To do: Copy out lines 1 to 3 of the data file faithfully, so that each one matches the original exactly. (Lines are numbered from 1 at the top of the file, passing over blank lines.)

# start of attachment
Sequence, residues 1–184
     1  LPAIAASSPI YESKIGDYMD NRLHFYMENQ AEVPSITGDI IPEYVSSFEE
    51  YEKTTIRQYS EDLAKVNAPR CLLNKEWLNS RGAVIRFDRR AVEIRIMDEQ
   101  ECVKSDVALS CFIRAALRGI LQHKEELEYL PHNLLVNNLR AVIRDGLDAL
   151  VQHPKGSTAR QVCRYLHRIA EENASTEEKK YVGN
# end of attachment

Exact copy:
Sequence, residues 1–184
     1  LPAIAASSPI YESKIGDYMD NRLHFYMENQ AEVPSITGDI IPEYVSSFEE
    51  YEKTTIRQYS EDLAKVNAPR CLLNKEWLNS RGAVIRFDRR AVEIRIMDEQ